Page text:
By Paul Reynolds
World affairs correspondent, BBC News website
The aircraft carrier USS Stennis adds to US power in the Gulf
The tension over Iran's nuclear programme is increasing, with its failure to comply with a Security Council deadline to suspend uranium enrichment.
The UN's nuclear agency, the International Atomic Energy Agency (IAEA), reported that the deadline of 21 February had passed with no Iranian action.
"Iran has not suspended its enrichment-related activities," the IAEA stated.
(Update 26 February: adding to the tense atmosphere is an article in the New Yorker magazine from Seymour Hersh who says that the Pentagon has been told to draw up a bombing campaign against Iran that could be launched at 24 hours' notice. Hersh also says that the United States is undertaking clandestine operations against Iran and the Lebanese group Hezbollah as part of its wider Middle East strategy of gathering support among Sunni Arab countries to try to limit Iran's influence.
The Pentagon responded by saying that the "The United States is not planning to go to war with Iran. To suggest anything to the contrary is simply wrong, misleading and mischievous.")
The council had given Iran 60 days from the passage of resolution 1737 on 23 December to suspend all enrichment activities and also work on heavy water projects. The latter could give Iran a supply of plutonium, an alternative source to enriched uranium for a nuclear explosion.
Resolution 1737 imposed economic sanctions on Iran, aimed at stopping the transfer of technology to its nuclear and missile industries. It also said that if there was no compliance after the 60-day deadline, further sanctions would be considered.
The resolution supported an offer from Western countries to help Iran develop civilian nuclear power -- but it had to suspend enrichment as a condition for any talks.
The IAEA finding came as no surprise as the Iranian President Mahmoud Ahmadinejad says that there can be no pre-conditions for talks. Indeed, he has proposed that Western governments suspend enrichment themselves before any talks. The president has also declared that Iran's nuclear programme has "no brake and no reverse gear".
The issue now is whether the council will follow up on its threat to impose more sanctions.
The resolution is clear that these would have to be economic in nature and that there will have to be a new decision by the council as a whole to impose them.
The United States is already calling for such measures. However getting Russian and Chinese agreement is likely to be a slow process.
The head of the IAEA, Mohamed ElBaradei, is suggesting a mutual freeze - by Iran on its nuclear development and by the Security Council on sanctions. No freeze is likely.
Mr ElBaradei told the Financial Times this week that Iran might be five or 10 years away from developing a nuclear bomb. He warned against "hype" over Iran's nuclear activities.
At the same time, the BBC has reported that the United States has drawn up plans for an attack on Iran to cover two contingencies - the confirmed development of nuclear weapons by Iran, or backing by Iran for a major attack on US troops in Iraq.
The first contingency is full of uncertainties. Iran says it is simply exercising its right to provide fuel to make nuclear energy and that it has no intention of building a bomb.
The problem is that the same technology used to make fuel for nuclear power can then be developed to make fuel for a nuclear explosion.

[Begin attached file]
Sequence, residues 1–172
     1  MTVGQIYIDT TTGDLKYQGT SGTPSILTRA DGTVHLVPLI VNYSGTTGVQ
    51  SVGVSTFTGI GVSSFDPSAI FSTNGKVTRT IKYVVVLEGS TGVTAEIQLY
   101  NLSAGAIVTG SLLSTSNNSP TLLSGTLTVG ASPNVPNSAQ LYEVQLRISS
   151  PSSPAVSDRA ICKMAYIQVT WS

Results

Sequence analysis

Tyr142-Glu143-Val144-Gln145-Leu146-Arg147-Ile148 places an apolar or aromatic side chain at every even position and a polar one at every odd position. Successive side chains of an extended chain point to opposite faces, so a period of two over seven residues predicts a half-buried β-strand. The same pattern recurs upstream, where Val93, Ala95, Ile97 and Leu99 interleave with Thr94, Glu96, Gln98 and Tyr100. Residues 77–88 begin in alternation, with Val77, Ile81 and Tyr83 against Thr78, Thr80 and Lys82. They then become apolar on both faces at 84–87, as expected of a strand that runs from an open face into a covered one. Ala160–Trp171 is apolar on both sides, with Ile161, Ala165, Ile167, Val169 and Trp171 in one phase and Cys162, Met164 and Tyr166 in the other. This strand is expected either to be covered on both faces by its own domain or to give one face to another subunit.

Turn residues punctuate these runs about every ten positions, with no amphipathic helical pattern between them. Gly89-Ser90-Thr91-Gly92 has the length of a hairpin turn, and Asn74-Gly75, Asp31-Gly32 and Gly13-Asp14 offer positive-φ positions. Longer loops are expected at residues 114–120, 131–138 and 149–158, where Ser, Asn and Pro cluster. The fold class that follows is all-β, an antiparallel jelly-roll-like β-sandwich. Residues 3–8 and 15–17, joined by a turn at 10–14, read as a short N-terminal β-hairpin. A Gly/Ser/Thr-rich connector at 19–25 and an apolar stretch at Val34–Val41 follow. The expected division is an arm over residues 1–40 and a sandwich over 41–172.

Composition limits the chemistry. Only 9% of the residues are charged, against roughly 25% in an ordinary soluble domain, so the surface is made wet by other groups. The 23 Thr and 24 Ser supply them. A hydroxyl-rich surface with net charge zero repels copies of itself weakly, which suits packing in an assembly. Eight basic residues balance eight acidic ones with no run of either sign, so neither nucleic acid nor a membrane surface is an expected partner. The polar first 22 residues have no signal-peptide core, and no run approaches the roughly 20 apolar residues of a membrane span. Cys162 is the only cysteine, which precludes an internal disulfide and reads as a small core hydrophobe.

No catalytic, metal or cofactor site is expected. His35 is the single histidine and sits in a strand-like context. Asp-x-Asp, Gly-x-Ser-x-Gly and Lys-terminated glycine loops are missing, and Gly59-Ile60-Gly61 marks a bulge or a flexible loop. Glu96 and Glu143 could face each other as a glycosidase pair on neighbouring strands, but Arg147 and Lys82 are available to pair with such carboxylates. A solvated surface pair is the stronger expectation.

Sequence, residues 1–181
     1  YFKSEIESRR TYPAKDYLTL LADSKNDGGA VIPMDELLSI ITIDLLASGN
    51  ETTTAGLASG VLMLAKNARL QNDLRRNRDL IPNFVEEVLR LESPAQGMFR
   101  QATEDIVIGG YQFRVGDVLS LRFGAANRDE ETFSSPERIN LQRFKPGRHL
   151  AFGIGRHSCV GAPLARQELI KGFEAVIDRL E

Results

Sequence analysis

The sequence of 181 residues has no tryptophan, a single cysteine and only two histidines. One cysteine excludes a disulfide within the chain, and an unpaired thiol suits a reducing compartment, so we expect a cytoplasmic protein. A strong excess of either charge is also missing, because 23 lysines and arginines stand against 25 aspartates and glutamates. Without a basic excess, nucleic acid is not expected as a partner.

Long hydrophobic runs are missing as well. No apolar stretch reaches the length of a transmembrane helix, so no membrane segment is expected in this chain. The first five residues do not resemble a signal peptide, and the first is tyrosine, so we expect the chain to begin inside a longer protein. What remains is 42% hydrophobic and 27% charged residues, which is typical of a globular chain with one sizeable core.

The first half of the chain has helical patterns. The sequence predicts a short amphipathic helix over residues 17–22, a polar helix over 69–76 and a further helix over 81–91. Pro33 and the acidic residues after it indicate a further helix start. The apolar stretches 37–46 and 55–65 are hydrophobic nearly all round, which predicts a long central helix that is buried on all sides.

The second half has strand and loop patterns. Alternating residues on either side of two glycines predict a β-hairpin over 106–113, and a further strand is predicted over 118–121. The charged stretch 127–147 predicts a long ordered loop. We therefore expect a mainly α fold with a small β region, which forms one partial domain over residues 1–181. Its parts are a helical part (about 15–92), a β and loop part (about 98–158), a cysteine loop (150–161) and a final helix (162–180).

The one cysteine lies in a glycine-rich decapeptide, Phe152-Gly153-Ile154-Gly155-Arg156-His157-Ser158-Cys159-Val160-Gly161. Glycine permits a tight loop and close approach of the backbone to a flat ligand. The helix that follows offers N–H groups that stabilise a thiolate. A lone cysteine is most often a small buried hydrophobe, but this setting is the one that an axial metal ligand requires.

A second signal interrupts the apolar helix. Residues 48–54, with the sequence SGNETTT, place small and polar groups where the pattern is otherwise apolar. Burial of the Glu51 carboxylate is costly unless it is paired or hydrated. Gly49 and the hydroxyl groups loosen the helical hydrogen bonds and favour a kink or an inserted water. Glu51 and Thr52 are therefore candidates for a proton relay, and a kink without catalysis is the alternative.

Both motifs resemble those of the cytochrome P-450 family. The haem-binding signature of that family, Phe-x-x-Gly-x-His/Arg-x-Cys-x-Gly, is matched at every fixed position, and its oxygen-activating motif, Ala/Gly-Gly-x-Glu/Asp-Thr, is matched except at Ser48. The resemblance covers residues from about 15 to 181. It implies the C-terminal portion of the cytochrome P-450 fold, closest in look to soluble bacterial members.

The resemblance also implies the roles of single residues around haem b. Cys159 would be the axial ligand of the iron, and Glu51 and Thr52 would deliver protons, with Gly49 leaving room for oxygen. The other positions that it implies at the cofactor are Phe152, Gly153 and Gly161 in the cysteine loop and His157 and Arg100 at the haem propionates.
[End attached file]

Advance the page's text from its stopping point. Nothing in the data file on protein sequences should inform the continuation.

The US continues to apply pressure on Iran and has sent a second aircraft carrier battle group into the Gulf region.
On a visit to Australia, Vice-President Dick Cheney said it would be "a serious mistake" to allow Iran to become a nuclear-armed country. "All options" were on the table, he said.
A new element emerging over the last couple of weeks is the linkage the US is making between Iran and events inside Iraq. It has publicised its contention that Iran is behind sophisticated technology that is being used by some Shia groups against US and British forces in Iraq.
The timing of this claim, rejected by Iran, is significant, because it ties in with the expiry of the Security Council demand on 21 February. It adds a new component to the equation.
The US can now claim a casus belli if there is a major attack on US forces in Iraq that can be linked to Iran. Such linkage of course is not easy to prove, and even the evidence that the US has produced so far has been challenged.
The legality of any attack against Iran will be hard to establish, to say the least, without clear evidence, especially as the evidence against Iraq proved unreliable.
Claims by a US official in Baghdad that the Iranian leadership knew about the provision of technology to Iraqi Shias was undermined by a subsequent statement from the Chairman of the Joint Chiefs of Staff, General Peter Pace. "We know that the explosively formed projectiles are manufactured in Iran. What I would not say is that the Iranian government, per se, knows about this," he said on the Voice of America.
All this makes for an extremely delicate and dangerous period ahead.
But there is a diplomatic effort at play here as well.
Washington hopes that its pressure will trigger not necessarily a war but a debate inside Iran that will either lead to a change of policy (maybe through a change in government) or a much slower and more cautious Iranian approach.
It is also not clear that within the Bush administration these days there is total support for any attack on Iran. The influence of Secretary of State Condoleezza Rice seems to be growing at the expense of Vice-President Cheney.
We have seen the US entering negotiations over North Korea, leading to an interim agreement under which the North's claimed nuclear weapon is being left to one side.